• The Star Staff

Well, it was a nice try: Some sports aren’t going so well

By Victor Mather

It sounded like a good idea. Bring sports back, carefully, slowly, with adequate precautions. So why does it seem to be going wrong in so many places?

As major North American sports are preparing to return, a close look around the world finds a slew of problems that even the NBA’s 113 pages of protocols might not be ready for. Some Schools Cancel All Fall Sports

College football is eternal, right? Well, maybe not. Williams and Bowdoin, small New England colleges that play in Division III, canceled fall sports. With fewer or perhaps no opponents available, rivals like Amherst, Wesleyan and Tufts may soon have to follow suit.

“Teams will be able to practice outside in small groups if they adhere to social distancing guidelines, and may progress to more gamelike practice activities if conditions improve,” Maud S. Mandel, the Williams president, said in a statement. But teams will not travel or compete against other schools. The statement continued, “Our decision has been guided by the utmost attention to safety protocols to ensure the health and safety of our athletes, coaches, staff and community.”

Big universities with their massive, profitable programs may not do the same. Still, there are worrying signs. Michigan, home of a 100,000-seat football stadium and a host of storied traditions and rivalries, is projecting a budget deficit. The university is expecting attendance to fall by 50 percent for the coming school year, said Warde Manuel, the director of athletics.

As a result, salaries will be cut on a sliding scale. Those making less than $50,000 a year will not be cut, but others will face cuts of 5 percent to 10 percent, with top earners like the football coach, Jim Harbaugh, and the men’s basketball coach, Juwan Howard, at 10 percent.

Traveling Teams Face Roadblocks

The sports-mad country of Australia was one that eagerly got its games going again. But it has had more than its share of pitfalls, with some athletes being fined for violating social distancing, others coming down with flu-like symptoms and still others told to stay away from some states.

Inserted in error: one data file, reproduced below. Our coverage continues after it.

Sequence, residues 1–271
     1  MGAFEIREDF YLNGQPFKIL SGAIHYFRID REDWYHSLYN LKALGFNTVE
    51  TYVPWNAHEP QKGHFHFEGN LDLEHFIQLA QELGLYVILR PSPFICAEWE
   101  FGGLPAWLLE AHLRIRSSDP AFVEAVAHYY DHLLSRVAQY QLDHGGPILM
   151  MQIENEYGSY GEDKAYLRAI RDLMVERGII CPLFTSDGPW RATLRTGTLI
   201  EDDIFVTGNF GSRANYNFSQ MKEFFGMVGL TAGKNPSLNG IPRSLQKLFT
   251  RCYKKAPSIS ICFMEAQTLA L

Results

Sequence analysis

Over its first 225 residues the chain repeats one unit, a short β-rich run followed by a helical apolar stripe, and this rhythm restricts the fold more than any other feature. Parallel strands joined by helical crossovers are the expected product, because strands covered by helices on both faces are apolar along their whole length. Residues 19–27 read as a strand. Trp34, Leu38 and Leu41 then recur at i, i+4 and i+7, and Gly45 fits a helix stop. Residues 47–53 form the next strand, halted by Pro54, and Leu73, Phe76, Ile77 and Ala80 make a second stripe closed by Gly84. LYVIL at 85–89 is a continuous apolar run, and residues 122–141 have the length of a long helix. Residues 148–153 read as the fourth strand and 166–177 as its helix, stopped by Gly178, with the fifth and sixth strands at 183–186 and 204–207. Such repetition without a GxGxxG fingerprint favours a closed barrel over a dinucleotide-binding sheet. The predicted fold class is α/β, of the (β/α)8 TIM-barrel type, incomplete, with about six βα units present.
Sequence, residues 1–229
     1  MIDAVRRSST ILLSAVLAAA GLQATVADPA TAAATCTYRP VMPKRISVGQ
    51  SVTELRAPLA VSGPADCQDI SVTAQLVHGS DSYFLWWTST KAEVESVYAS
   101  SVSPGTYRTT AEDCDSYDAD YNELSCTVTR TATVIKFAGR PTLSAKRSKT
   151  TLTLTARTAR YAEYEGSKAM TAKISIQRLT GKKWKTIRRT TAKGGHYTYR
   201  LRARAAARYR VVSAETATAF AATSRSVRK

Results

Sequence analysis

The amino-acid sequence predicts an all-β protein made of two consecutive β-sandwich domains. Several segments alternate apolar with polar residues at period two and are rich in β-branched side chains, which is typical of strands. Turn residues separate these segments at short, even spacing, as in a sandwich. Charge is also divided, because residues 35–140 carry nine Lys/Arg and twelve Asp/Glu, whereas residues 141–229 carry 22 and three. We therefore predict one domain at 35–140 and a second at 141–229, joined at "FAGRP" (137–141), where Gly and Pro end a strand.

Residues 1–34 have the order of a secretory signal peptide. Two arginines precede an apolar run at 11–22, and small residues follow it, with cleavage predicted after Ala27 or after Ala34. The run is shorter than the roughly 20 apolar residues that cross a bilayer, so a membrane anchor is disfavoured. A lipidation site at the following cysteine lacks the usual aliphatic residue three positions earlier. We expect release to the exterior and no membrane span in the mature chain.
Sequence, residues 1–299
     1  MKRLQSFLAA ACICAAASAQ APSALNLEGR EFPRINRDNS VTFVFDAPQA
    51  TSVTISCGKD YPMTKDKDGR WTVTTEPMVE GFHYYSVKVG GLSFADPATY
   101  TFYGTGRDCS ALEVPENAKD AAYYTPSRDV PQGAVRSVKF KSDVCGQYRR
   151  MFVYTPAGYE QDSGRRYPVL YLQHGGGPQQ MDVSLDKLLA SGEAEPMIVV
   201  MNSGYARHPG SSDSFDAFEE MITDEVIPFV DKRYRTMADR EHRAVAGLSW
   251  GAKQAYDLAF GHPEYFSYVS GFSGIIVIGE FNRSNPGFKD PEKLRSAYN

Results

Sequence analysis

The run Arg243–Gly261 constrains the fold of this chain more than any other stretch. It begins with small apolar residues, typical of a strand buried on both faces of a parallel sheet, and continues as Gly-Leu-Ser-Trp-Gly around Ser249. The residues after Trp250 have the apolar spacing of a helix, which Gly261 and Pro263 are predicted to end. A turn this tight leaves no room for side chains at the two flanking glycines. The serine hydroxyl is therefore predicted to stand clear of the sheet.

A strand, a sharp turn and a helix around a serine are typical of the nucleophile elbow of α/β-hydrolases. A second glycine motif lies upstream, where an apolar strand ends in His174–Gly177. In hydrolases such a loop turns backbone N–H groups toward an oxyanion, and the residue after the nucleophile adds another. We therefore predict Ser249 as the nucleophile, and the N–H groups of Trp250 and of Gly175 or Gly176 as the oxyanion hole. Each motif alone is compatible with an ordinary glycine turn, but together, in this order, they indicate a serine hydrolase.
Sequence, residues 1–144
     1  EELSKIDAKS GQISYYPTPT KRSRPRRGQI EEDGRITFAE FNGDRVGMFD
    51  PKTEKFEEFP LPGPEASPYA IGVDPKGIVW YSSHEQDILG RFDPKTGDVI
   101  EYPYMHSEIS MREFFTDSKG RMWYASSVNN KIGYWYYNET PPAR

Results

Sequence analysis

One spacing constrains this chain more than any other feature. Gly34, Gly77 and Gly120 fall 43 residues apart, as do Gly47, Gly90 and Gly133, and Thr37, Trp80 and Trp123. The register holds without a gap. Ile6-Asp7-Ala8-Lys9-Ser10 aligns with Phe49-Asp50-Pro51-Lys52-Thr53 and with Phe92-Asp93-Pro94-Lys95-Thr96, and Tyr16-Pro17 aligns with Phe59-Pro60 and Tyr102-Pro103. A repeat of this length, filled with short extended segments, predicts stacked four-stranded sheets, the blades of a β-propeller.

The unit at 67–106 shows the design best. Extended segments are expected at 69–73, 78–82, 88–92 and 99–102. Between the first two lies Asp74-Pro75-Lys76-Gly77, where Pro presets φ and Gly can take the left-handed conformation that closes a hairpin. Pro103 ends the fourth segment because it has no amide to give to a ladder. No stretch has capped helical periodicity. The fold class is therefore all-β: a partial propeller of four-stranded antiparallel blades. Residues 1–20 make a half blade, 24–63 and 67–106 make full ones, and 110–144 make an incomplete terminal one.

In the latest development, a game in the phenomenally popular Australian rules football league has been canceled after the state of Queensland denied a team entry into its state.

Richmond, from a suburb of Melbourne, Victoria, had been scheduled to travel to play West Coast in Queensland today. But Queensland has adopted strict rules for travelers from Victoria, requiring a 14-day quarantine, which would throw the entire league schedule into disarray.

Instead, Sydney, based in New South Wales, will now play West Coast this weekend, while Melbourne will take on Richmond. There are still more than 100 games to go in the resumed regular season, and conflicting state regulations may continue to tangle the schedule.

In England, where the Premier League has come back to life, there is an early snag. The Leicester area is under lockdown after an increase in coronavirus cases, with schools and shops being shuttered again. Leicester City is supposed to play Crystal Palace there on Saturday. The game is on for now, but neutral sites are being scouted just in case, and postponement is also a possibility.

Given that some states in the United States are also telling visitors to self-quarantine, it is an issue that may have an effect on the North American major leagues as well.

New Zealand Wins (Kind Of) In other Antipodean developments, there was some good news for New Zealand … sort of. The rest of the 2019-20 rugby sevens series, the shorter, faster version of the game played in the Olympics, was canceled. The New Zealand men’s and women’s teams were in the lead, so they earn the trophies.

In the end, six of a possible 10 events for the men and five of eight for the women were staged before the pandemic. Events in Canada, England, France and Singapore and the most prestigious, the Hong Kong Sevens, will not be held this season.

Will things get back to normal in 2021 at least? Well, the men’s Africa Cup of Nations, the most important international soccer tournament on the continent, scheduled for January 2021, was pushed back to 2022 on Tuesday. And the women’s tournament was canceled entirely.

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